It’s easy to forget how inaccessible the world is, especially when you’ve spent the last week and a half scrolling through social media feeds and catching up on sleep. Even when I was in Indiana, surrounded by people who were smarter than me, I found myself forgetting what it’s like to live in a world that was built to keep people like me sedentary, idle.
A few days ago, I had to run some errands and found myself driving all over town. My family recently hired new personal care assistants (PCAs) and we have been training them for the past week, so my life has really just been a procession of noticing things I tend to overlook. How often my neck cracks. How difficult it is to get my shirt over my head with my hair as long as it is. My body and the spaces it inhabits, its peculiar and impossible presence.
The conspicuous lack of accessible parking spots.
We stopped at the first store and spent at least a couple of minutes looking for a place to park. The strip mall we were at was obviously under renovation, because a good two-thirds of the parking lot was fenced off, meaning there weren’t many spots to begin with — none of which were accessible. We ended up parking in a regular spot and putting the ramp out in the middle of the street, which I shouldn’t have to tell you is incredibly dangerous, and not at all what I would call “smart.”
I jumped out of the van, took one look at the storm gathering on the horizon, and said, “Man, I can’t believe this place doesn’t have accessible parking spots.”
When we inevitably lucked out at the first store, we tried one across the street. We were able to find an accessible parking spot, but inside was a nightmare. I’m used to narrow shopping aisles, but I could barely squeeze between some of the displays. I ended up weaving my way through the store and said loud enough to be heard, “It’s like an obstacle course in here.”
The store was clearly not set up for wheelchairs. Which doesn’t exactly come as a shock: After my encounters with several tattoo parlors in the area, nothing really takes me by surprise anymore. I’m used to it, used to navigating a world that insists on shutting me out. But every now and again it makes me sad. I just want to buy Moroccan oil, and ideally not get hit by a car because I had no choice but to let the ramp down in the middle of the street.
The mother of my first PCA is opening a boutique down by the river, and she’s asked me to stop by to make sure the building is accessible. The request took me by surprise. She’s worked with disabled people for much of her adult career, so I suppose it makes sense: Out of everyone, she’s probably the most likely to think of things like that. But I still wasn’t expecting that kind of awareness. You don’t see it in most people. It doesn’t affect them, and so they don’t care.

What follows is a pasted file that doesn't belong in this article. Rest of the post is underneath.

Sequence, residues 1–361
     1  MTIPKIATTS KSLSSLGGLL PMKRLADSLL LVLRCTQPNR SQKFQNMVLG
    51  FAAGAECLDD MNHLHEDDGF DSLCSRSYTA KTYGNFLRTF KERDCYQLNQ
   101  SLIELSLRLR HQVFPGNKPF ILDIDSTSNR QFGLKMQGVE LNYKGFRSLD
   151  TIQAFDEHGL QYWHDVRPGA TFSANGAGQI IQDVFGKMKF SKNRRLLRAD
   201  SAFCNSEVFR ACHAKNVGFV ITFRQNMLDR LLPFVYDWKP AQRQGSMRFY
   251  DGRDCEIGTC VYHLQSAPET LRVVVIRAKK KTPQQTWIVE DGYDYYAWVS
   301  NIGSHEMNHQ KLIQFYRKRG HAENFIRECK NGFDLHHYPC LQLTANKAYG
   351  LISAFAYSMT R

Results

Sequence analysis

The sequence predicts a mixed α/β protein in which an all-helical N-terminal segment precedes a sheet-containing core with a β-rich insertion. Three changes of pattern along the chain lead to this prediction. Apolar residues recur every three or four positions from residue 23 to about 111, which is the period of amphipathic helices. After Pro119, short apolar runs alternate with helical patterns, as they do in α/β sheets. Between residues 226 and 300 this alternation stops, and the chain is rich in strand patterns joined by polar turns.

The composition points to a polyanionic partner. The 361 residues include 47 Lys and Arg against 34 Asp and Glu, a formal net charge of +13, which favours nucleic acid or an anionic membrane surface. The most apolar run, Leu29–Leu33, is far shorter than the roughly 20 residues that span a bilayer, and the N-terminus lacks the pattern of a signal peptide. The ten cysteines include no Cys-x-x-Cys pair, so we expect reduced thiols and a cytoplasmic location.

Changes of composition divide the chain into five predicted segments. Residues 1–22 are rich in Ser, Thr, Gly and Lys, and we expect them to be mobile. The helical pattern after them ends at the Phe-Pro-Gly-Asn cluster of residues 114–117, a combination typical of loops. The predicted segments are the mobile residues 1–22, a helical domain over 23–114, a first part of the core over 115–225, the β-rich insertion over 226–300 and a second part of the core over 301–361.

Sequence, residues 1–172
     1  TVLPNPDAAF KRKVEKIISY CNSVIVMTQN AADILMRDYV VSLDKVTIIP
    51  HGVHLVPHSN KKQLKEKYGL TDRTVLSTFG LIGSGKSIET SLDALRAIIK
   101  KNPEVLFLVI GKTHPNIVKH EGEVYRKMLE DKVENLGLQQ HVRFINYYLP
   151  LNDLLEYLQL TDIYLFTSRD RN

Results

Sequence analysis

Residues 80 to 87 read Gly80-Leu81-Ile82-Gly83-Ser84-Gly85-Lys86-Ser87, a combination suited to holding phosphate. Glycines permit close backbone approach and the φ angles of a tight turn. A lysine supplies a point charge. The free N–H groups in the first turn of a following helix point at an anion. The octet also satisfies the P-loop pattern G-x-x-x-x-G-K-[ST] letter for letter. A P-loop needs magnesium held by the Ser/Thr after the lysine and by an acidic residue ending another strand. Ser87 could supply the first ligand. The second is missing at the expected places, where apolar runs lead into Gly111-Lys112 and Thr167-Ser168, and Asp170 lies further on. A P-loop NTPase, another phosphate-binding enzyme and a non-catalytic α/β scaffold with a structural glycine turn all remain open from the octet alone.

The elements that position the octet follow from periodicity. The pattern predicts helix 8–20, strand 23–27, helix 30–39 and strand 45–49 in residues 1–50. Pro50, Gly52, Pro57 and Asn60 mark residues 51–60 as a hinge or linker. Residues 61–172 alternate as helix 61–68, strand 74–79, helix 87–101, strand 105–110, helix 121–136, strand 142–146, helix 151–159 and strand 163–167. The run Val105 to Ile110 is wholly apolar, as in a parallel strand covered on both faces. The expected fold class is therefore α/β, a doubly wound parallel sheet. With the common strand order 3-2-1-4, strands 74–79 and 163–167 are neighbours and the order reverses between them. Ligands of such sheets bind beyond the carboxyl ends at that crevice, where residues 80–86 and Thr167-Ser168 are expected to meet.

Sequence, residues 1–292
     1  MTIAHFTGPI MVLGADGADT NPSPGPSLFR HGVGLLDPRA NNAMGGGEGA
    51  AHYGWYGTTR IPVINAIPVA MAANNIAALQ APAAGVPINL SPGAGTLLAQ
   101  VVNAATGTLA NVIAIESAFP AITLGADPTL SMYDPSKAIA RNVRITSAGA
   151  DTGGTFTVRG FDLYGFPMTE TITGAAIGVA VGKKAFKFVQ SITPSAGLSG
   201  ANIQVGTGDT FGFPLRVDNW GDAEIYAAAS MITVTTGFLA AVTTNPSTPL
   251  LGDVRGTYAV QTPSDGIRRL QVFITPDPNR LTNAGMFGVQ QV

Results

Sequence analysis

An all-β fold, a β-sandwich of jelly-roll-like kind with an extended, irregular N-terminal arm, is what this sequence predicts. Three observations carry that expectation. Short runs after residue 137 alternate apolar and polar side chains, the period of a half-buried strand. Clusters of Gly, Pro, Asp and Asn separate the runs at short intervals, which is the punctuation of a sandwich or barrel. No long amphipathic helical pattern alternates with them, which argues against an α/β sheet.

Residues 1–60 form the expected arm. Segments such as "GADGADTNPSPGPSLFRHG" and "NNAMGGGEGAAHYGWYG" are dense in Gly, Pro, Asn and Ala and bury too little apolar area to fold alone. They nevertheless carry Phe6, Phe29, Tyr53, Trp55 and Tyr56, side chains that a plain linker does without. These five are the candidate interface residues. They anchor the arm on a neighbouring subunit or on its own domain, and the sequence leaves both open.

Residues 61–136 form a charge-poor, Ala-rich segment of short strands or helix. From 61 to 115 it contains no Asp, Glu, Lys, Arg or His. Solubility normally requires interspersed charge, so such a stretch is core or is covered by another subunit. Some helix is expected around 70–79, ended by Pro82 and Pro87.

It’s hard not to get discouraged with things like this. But there are some reasons for optimism. People are becoming more and more aware of the little instances of ableism I experience from day to day. Earlier, while scrolling Tumblr, I found a post about parking in accessible drop-off zones that had over 50,000 notes, which means 50,000 more people know. And with people like my former PCA’s mom being mindful of accessibility issues, the future is starting to look a little brighter.
Note: SMA News Today is strictly a news and information website about the disease. It does not provide medical advice, diagnosis, or treatment. This content is not intended to be a substitute for professional medical advice, diagnosis, or treatment. Always seek the advice of your physician or other qualified health provider with any questions you may have regarding a medical condition. Never disregard professional medical advice or delay in seeking it because of something you have read on this website. The opinions expressed in this column are not those of SMA News Today, or its parent company, BioNews Services, and are intended to spark discussion about issues pertaining to spinal muscular atrophy.
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